mmadigital is a full service digital agency that specialises in the legal market. Started by Dez Derry, CEO of mmadigital, back in 2011, its services are run by a team of 15 specialists. Based in Manchester and Birmingham, but covering the UK, mmadigital has a reputation for providing bespoke services to a wide range of [...]
Fewer than half of solicitors in Scotland use the three main social media platforms for professional purposes, according to new research. The most popular social network tool was LinkedIn, with 24% of the solicitors polled using it on a daily or weekly basis.
Law firms will have to adopt a more forceful marketing model if they are to survive in the post-alternative business structure (ABS) marketplace, a specialist in growing online businesses has urged.
A common trope on this website and elsewhere is that alternative business structures and all the other changes in the legal market will hit the traditional high street law firm hard. In saying this, there is an implication that a reduction in the number of solicitors on high streets is a bad thing. This is a shaky assumption – if everything was shipshape, I don’t suppose so many non-lawyers would be eying up the market. For one thing, quantity does not equal quality – better one efficient, accessible law firm down the road than three inefficient, inaccessible practices.
Law firms’ social media policies need to extend to issues such as who owns contacts and content developed by staff members through the use of networks like LinkedIn, while they should also be cautious about searching the social media activity of potential recruits, new guidance has advised.
There has been a massive increase in people using Twitter to ask for recommendations of professional service providers in the last two years, with solicitors one of the most in demand, according to research conducted for Orange Business.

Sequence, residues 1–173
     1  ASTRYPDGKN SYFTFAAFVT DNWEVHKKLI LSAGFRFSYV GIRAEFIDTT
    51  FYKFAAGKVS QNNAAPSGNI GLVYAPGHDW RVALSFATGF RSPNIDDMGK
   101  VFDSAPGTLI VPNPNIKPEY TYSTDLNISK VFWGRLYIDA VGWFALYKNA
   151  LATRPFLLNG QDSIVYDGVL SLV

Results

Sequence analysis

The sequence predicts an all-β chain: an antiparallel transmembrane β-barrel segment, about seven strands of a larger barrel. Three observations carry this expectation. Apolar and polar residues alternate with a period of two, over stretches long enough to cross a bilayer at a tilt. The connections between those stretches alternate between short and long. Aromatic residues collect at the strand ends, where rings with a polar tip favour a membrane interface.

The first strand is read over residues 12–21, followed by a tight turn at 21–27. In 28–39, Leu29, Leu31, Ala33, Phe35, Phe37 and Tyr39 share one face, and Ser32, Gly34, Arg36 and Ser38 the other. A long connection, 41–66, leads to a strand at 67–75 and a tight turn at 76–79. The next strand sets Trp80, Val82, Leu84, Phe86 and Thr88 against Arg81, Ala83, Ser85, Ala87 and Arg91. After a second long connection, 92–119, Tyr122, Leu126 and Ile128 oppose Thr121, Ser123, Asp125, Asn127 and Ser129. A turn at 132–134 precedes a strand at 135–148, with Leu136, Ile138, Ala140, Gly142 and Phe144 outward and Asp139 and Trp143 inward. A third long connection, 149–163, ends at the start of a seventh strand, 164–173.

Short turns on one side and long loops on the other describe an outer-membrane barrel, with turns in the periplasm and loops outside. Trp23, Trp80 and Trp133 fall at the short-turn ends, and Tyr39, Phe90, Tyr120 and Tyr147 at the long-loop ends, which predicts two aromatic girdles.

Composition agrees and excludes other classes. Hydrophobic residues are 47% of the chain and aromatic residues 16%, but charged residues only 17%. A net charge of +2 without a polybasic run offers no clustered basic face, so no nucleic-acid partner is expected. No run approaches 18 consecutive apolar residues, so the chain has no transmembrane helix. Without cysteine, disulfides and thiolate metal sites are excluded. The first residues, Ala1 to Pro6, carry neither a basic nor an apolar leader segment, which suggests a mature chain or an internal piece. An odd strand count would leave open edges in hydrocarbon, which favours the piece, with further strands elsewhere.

Just eight personal injury brands dominate the web searches of potential clients, with national law firm Irwin Mitchell leading the way, new research has found. The report also found social media strategies “massively under-developed within the legal services sector”.
Our latest round-up of news includes Fisher Meredith winning an appeal against a big wasted costs order, SRA figures on the number of firms and solicitors, the first law firm to ‘pin’ on growing social media service Pinterest, fee income up at the largest law firms, and more.
Lawyers were this week told not to be discouraged from embracing social media after a barrister who was among the legal pioneers on Twitter was fined for messages he posted on the service. However, the case does raise questions over the role of regulators in policing lawyers’ activity on Twitter.
Bigger law firms are embracing social media but then failing to engage in two-way communications through it, new research has found. The survey found that nearly half of the firms prohibited staff from accessing social networks from work, even though clients were keen to interact that way.